(found 2 matches in 0.000794s)
Feature Detection and Hypothesis Testing for Extremely Noisy Nanoparticle Images Using Topological Data Analysis
Andrew M. Thomas, Peter A. Crozier, Yuchen Xu, David S. Matteson
We propose a flexible algorithm for feature detection and hypothesis testing in images with ultra-low signal-to-noise ratio using cubical persistent homology. Our main application is in the identification of atomic columns and other features in Transmission Electron Microscopy (TEM). Cubical persistent homology is used to identify local minima and their size in subregions in the frames of nanoparticle videos, which are hypothesized to correspond to relevant atomic features. We compare the performance of our algorithm to other employed methods for the detection of columns and their intensity. Additionally, Monte Carlo goodness-of-fit testing using real-valued summaries of persistence diagrams derived from smoothed images (generated from pixels residing in the vacuum region of an image) is developed and employed to identify whether or not the proposed atomic features generated by our algorithm are due to noise. Using these summaries derived from the generated persistence diagrams, one can produce univariate time series for the nanoparticle videos, thus, providing a means for assessing fluxional behavior. A guarantee on the false discovery rate for multiple Monte Carlo testing of identical hypotheses is also established.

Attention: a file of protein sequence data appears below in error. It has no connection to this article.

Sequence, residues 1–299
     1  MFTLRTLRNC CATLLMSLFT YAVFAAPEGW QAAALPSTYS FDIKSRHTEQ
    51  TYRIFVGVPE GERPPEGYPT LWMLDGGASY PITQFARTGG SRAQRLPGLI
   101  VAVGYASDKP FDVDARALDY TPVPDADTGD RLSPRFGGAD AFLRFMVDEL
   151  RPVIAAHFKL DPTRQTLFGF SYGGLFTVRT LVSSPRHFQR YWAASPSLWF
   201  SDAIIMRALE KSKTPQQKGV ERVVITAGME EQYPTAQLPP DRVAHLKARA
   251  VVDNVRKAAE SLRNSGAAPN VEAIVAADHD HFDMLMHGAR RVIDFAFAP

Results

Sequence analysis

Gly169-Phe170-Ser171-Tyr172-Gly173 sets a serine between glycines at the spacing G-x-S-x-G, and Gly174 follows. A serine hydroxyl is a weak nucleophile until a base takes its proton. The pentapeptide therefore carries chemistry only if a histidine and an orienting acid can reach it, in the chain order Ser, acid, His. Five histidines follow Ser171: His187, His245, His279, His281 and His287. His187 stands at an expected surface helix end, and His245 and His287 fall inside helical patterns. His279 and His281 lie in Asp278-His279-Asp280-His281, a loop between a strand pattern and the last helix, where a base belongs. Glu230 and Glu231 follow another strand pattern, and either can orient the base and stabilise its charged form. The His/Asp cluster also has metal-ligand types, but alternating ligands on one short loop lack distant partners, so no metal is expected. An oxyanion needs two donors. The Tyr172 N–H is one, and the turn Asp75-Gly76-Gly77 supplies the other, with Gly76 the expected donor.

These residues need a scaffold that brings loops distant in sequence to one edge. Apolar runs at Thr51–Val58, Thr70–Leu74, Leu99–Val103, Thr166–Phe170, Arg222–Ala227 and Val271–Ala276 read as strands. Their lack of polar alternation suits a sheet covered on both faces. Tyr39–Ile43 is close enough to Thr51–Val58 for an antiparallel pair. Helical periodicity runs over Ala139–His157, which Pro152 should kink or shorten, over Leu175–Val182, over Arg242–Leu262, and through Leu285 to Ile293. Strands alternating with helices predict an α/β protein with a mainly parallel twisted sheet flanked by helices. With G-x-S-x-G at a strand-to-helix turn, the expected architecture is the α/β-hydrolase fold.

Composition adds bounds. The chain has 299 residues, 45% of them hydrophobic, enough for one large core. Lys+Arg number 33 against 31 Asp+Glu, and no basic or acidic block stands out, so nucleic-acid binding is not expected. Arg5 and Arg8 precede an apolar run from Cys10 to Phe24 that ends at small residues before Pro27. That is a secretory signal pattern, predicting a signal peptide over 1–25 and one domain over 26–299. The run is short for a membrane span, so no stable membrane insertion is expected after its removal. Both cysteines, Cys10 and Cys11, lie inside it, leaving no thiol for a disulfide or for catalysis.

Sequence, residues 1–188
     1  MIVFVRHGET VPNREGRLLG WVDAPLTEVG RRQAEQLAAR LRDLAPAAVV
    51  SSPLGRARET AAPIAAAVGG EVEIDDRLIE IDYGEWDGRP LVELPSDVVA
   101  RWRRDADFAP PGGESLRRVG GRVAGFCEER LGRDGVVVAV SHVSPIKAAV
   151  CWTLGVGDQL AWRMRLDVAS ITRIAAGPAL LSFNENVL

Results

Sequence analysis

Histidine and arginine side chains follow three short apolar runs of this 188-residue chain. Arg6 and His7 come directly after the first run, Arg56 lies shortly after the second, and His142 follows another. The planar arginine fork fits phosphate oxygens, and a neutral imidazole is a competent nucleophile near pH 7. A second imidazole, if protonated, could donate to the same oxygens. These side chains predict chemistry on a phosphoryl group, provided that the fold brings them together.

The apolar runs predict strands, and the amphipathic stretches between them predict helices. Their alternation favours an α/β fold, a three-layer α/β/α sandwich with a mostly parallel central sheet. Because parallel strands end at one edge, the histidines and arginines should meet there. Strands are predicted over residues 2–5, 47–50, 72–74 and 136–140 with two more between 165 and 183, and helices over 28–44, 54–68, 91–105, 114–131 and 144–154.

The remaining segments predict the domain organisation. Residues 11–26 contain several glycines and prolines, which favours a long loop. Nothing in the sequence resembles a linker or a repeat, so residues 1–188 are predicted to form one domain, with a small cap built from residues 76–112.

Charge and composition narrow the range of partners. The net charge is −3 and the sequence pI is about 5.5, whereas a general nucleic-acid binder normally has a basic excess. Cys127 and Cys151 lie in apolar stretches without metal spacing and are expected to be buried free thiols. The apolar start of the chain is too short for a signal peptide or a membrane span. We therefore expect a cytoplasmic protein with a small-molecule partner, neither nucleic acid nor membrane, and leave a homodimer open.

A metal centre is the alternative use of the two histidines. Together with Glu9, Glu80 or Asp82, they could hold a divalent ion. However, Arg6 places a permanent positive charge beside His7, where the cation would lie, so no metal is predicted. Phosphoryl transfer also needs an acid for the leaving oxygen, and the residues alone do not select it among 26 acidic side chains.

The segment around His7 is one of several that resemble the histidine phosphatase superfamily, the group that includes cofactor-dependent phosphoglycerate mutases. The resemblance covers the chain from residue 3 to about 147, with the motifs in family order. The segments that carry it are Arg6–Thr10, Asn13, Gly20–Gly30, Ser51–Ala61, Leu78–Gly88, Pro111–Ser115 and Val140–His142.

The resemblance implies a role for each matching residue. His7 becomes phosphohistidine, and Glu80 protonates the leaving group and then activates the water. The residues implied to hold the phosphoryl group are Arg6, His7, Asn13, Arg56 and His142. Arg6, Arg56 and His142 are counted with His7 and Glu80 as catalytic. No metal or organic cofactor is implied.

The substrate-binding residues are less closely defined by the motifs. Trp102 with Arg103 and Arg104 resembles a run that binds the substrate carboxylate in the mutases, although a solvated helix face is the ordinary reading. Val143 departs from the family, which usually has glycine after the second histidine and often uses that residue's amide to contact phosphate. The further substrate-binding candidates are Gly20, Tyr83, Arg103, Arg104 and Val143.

Theory and Algorithms for Constructing Discrete Morse Complexes From Grayscale Digital Images
V. Robins, P. J. Wood, A. P. Sheppard
We present an algorithm for determining the Morse complex of a two or three-dimensional grayscale digital image. Each cell in the Morse complex corresponds to a topological change in the level sets (i.e., a critical point) of the grayscale image. Since more than one critical point may be associated with a single image voxel, we model digital images by cubical complexes. A new homotopic algorithm is used to construct a discrete Morse function on the cubical complex that agrees with the digital image and has exactly the number and type of critical cells necessary to characterize the topological changes in the level sets. We make use of discrete Morse theory and simple homotopy theory to prove correctness of this algorithm. The resulting Morse complex is considerably simpler than the cubical complex originally used to represent the image and may be used to compute persistent homology.